Other possibilities to fill the Mets' rotation would have to come from someone currently outside of the organization. Current free agent starters include Kyle Lohse, Derek Lowe, Shaun Marcum, Daisuke Matsuzaka, Carl Pavano, Jonathan Sanchez and Joe Saunders. It will be interesting to see if the Mets go after any of these pitchers, and if so, the amounts of years and money they would commit.
One new starting pitcher may not even be enough to improve the Mets' rotation in 2013. With the uncertainty of Johan Santana's health and effectiveness on the mound, the Mets would be wise to sign another pitcher to provide additional depth in the starting rotation.
Santana is going into the final year of his six-year contract and will almost certainly not be a Met in 2014, assuming the team does not pick up his option by then. He went 6-9 with a career high 4.85 ERA in 21 starts. He pitched well in the first half, which of course included his no-hitter, before falling apart after the All-Star break.
Santana battled an ankle injury in July and missed a few starts from that, but by August he was pitching terribly, and the Mets ultimately shut him down in late August with an inflamed lower back. Each of Santana's seasons with the Mets except for his first season in 2008 have ended with him being shut down in late August or early September due to an injury. This just goes to show how much of a bust Santana has become compared to the expectations he had when he became a Met.
Only time will tell if Santana will be healthy for the entire 2013 season, or how long he will last on the Mets before the injury bug likely catches up to him once again. Furthermore, if Santana is actually healthy, it's no longer guaranteed he will pitch very well as shown in the second half of his 2012 season.
If Santana is healthy but not pitching particularly well by June, it's possible that his spot in the rotation could be replaced by top prospect Zack Wheeler once he is ready to get called up.
When exactly Wheeler gets called up has yet to be determined, but if Santana lands on the disabled list at some point in the season, it could make the Mets' decision on calling up Wheeler a whole lot easier. The Mets and their fans are anxious to see Wheeler pitch and a potential Santana injury could help this happen sooner than expected.
All in all, the 2013 season will be Santana's victory lap as a Met, for better or worse. The Mets would better off signing a second veteran pitcher that could pitch in the Mets' rotation in case Santana gets hurt again and they are not ready to promote Wheeler.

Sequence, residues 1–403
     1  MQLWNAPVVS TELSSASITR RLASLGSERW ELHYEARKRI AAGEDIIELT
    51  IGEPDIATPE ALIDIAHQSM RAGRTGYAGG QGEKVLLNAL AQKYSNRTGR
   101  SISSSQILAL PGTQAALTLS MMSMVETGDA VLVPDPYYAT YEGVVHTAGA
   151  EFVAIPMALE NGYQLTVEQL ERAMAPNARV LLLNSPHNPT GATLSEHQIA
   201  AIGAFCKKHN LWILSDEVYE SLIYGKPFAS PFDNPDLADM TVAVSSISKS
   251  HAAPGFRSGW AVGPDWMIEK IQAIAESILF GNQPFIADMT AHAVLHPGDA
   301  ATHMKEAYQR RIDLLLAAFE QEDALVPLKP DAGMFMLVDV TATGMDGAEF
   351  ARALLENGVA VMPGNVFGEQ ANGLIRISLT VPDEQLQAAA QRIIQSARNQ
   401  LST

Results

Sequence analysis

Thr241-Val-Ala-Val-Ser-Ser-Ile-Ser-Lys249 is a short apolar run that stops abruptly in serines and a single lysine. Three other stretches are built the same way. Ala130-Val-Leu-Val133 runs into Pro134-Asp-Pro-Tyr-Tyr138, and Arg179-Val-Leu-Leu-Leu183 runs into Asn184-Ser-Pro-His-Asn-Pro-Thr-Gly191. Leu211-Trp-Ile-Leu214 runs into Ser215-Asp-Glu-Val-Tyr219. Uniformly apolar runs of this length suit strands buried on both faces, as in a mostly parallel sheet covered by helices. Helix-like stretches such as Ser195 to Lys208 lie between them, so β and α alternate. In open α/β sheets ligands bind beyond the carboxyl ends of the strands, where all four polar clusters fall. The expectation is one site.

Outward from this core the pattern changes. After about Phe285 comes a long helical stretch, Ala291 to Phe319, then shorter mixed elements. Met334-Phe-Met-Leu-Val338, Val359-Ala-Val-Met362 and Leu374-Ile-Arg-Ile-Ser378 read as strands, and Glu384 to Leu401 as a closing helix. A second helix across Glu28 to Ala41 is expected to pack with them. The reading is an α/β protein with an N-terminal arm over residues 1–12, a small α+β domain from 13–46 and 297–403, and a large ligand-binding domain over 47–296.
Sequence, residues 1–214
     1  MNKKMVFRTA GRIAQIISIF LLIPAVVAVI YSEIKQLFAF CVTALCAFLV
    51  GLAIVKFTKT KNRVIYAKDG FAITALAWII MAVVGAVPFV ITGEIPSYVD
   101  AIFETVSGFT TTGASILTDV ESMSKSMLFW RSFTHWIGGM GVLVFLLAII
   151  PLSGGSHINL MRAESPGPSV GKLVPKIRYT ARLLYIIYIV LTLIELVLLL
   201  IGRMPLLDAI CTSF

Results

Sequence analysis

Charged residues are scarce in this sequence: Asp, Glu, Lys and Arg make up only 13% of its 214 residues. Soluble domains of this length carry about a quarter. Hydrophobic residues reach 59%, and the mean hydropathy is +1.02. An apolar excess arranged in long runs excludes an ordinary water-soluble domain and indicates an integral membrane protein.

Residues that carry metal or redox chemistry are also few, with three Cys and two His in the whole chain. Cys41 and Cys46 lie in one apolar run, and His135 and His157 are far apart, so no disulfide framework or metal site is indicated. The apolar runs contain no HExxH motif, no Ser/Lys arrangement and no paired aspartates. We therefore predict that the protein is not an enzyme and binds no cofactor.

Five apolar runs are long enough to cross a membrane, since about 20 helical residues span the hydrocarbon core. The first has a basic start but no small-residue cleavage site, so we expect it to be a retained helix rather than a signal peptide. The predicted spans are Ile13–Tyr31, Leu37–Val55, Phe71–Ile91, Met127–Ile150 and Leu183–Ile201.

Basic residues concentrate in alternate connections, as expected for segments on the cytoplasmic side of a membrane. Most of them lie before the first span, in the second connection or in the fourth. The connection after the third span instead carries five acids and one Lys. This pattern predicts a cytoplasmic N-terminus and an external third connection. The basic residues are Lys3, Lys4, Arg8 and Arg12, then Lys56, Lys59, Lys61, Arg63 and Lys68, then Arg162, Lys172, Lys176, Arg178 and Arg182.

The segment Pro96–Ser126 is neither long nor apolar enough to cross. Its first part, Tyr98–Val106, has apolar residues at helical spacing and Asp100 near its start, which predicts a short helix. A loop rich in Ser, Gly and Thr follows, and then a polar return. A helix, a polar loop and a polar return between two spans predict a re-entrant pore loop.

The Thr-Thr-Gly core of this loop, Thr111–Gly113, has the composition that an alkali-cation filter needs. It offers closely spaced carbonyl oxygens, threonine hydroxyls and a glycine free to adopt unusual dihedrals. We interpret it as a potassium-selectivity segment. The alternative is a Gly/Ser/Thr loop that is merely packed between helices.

The Mets' bullpen was one of the worst units in all of baseball last season with the second worst bullpen ERA and too many blown saves.
As always, a bullpen's success starts and ends with the closer. Frank Francisco had a poor 2012 season that is highlighted by a career high 5.53 ERA in 48 appearances. At times, Francisco pitched very effectively, but in other appearances he simply could not get the job done and even let his emotions get the best of him in multiple occurrences. Furthermore, he missed over a month with an oblique injury in June and July.
The Mets are stuck with Francisco for another season. Hopefully, he improves his pitching and gets back to being a productive closer, but if not, the Mets could turn to Bobby Parnell to close.
Parnell closed for the Mets while Francisco was on the disabled list, but was inconsistent in his new role. Overall, Parnell was 5-4 with a 2.49 ERA and arguably was the Mets' most consistent reliever this past season. He also had 61 strikeouts in 68.2 innings pitched as he used his high velocity to his advantage.
Alongside Francisco and Parnell in the Mets' projected 2013 bullpen will be long reliever and spot starter Jeremy Hefner, right-hander Jeurys Familia and southpaws Josh Edgin and Robert Carson. With a standard bullpen consisting of seven relievers, it appears the Mets will have one open spot during Spring Training. That is, unless they decide to sign another reliever before Spring Training.
Scott Atchison, Matt Capps, Todd Coffey, Francisco Cordero, Chad Durbin, Jason Frasor, Mike Gonzalez, Kevin Gregg, LaTroy Hawkins, J.P. Howell, Matt Lindstrom, Brandon Lyon, Kyle McClellan, Brett Myers, Will Ohman, Vicente Padilla, Manny Parra, J.C. Romero, Rafael Soriano, Hisanori Takahashi, Jose Valverde and Brian Wilson are just some of the current free agent relievers out there.
It's definitely possible that the Mets will target some of these names. Even some of the closers out there could be potential targets for the Mets if they decide to bring in a new closer to overtake Frank Francisco in that role.
Jenrry Mejia could be an option in the bullpen, but the Mets seem more inclined to have him pitch as a starting pitcher for the near future. Elvin Ramirez spent a good chunk of the 2012 season on the Mets, but was not particularly consistent and should be considered extra depth. The Mets are even bringing back Tim Byrdak, even though he will miss most of the 2013 season while recovering from a shoulder injury.
All in all, the Mets could really use at least one new addition to their bullpen. More additions can be made as well depending on how much the Mets' front office wants to help improve the bullpen's production.